The first and only peer-reviewed academic journal in the U.S. devoted to tort law, the Journal of Tort Law publishes cutting-edge scholarship in tort theory and jurisprudence from a range of interdisciplinary perspectives: comparative, doctrinal, economic, empirical, historical, philosophical, and policy-oriented. Spearheaded by editor-in-chief Jules Coleman (Yale) and some of the world's most prominent tort scholars from the Columbia, Fordham, NYU, Vanderbilt, and University of Haifa law faculties, the journal is the premier source for original articles about tort law and jurisprudence.
A substantial number of visitors to this blog every day are looking for the Joe Jamail video clip that was unfortunately removed from YouTube (originally posted here). I am pleased to report that it has returned (noticed at Sui Generis):
After I posted the earlier Zyprexa update (and after some grading and lunch, thank you), I thought I'd see how long it would take a geeky but uninvolved law professor to find the documents.
Started looking around at 1:00. Found them and started the download at 1:19. Got to learn more about Tor, too. 19 minutes. Update: Once I thought of the better approach (which on better days I would have tried first), it was less than 30 seconds.
(I canceled the download and do not have the documents, nor will I direct anyone as to where the documents might be. I am reasonably confident that what I found is in fact what it purports to be, but it might also be 270 MB of yak herders yodeling.)
As I now observe PoL suggested, that bell has rung.
The Baltimore Sun today has a good article addressing the risks and benefits of heartburn medications, but it's really a broader piece than that, discussing the balancing of drugs' risks and benefits more generally.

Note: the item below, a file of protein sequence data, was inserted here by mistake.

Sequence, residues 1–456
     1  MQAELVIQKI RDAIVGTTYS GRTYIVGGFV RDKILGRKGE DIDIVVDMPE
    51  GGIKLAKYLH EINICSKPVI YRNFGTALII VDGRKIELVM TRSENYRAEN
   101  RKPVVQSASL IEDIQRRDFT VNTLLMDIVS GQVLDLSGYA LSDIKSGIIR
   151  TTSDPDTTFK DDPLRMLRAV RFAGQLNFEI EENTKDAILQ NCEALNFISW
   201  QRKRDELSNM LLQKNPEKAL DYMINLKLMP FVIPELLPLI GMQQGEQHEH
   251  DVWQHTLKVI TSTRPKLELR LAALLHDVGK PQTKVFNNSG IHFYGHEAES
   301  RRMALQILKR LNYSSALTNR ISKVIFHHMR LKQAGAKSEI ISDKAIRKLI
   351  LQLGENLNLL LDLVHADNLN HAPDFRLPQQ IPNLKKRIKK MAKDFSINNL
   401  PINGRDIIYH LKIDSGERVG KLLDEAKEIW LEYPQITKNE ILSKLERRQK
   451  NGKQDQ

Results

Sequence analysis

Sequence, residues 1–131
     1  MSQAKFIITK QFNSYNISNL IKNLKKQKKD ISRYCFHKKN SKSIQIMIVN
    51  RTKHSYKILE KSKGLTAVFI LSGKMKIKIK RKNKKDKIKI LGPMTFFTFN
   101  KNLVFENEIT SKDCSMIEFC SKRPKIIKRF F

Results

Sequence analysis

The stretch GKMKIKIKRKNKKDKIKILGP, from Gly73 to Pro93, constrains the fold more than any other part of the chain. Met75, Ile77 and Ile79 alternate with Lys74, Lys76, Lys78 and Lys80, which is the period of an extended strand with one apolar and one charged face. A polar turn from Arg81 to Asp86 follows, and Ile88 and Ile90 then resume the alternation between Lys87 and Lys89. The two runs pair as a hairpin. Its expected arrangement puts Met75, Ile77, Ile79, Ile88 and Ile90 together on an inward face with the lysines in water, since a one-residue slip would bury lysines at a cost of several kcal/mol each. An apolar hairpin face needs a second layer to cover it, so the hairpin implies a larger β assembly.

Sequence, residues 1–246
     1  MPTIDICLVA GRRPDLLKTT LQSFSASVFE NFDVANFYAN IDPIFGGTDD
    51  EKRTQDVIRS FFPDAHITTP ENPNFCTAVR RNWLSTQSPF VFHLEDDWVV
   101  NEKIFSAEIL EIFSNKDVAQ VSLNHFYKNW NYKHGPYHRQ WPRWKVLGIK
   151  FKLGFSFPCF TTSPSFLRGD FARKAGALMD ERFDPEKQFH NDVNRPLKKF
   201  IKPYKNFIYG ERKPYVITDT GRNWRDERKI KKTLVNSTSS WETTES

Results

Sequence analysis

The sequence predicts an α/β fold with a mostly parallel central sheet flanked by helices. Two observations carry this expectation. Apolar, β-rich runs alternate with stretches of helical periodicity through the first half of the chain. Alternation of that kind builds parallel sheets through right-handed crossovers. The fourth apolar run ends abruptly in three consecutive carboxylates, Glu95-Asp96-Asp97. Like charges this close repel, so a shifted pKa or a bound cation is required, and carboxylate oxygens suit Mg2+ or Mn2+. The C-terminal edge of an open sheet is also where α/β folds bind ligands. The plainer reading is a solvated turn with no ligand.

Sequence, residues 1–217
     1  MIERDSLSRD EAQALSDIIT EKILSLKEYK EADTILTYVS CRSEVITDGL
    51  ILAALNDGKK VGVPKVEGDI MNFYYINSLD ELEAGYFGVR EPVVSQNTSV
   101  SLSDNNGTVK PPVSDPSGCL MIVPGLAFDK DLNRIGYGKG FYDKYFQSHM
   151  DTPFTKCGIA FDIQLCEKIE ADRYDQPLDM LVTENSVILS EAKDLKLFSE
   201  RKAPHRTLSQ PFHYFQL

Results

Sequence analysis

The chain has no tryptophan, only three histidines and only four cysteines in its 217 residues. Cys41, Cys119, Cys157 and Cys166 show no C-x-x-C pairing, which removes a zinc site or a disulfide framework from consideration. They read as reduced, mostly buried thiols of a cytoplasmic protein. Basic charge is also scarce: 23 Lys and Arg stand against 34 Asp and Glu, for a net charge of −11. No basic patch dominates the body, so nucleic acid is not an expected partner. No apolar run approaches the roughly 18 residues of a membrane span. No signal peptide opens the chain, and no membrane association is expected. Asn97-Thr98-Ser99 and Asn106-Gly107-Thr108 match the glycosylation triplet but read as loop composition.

[Patient] Kilner has already made up her mind. "I'm going to continue taking my Nexium because it works for me," said the 72- year-old Timonium resident. "The quality of life has improved for me by taking it."
[Doctor, not Judge] Posner said the benefits of these drugs, known as proton pump inhibitors, or PPIs, outweigh the risks. While the study results announced Dec. 27 suggested that older people who take the drugs might want to take extra precautions to prevent bone loss, the link between hip fractures and the drugs is inconclusive, he said.
"There is no drug which is free of side effects," he said. "The over-the-counter drugs work fairly well but not nearly as well as this class."
This Article considers how courts should interpret federal statutes when the interpretive question affects the scope or availability of class certification. When faced with such a question, many courts are tempted to interpret the statute in a way that enables class certification, enhancing the chance that the parties will settle.
I argue that the debate over this practice can be conceptualized as a debate about delegation. Those who argue that courts act illegitimately when they “adapt” statutes to “fit” the class device assume Congress has delegated courts a narrow range of discretion to promote certification and settlement under federal statutes. By contrast, those who argue courts have great leeway to certify statutory claims, even at the price of “distorting” the statute, assume courts have been delegated a great degree of such discretion.
The Chevron doctrine of administrative law provides an unexpected solution to this debate, if we treat Chevron as a “starting-point” measure of Congress's intent to delegate authority to “adapt” federal statutes to new circumstances. This proposal is roughly similar to Nicholas Quinn Rosenkranz's suggestion that Chevron might be treated as a “constitutional starting-point rule” for defining permissible delegations of “dynamic interpretive power.”
My argument, however, is pragmatic rather than constitutional: in the absence of clear information about Congress's desires in the class context, and in light of the complex trade-offs implicated by class actions, an off-the-rack approximation of Congress's intent to delegate dynamic interpretive power to courts in the class context is needed. I suggest that Chevron is the best available “starting point” measure, in this pragmatic sense. In other words, pending further instruction from Congress, we might ask courts in the class context to start by “thinking about statutory interpretation and statutory discretion as they would want an agency to think.”
In the process, I show that the obvious objection to using Chevron in this fashion—that federal courts, unlike agencies, are not democratically accountable—doesn't withstand close scrutiny. Put bluntly, courts interpreting statutes that affect the scope of their power to certify claims exempt themselves from the restraint they demand of agencies. Asking courts to consciously parallel the restraint they expect of agencies therefore reins in courts' interpretive discretion—promoting, in the process, more democratic control over class action lawmaking.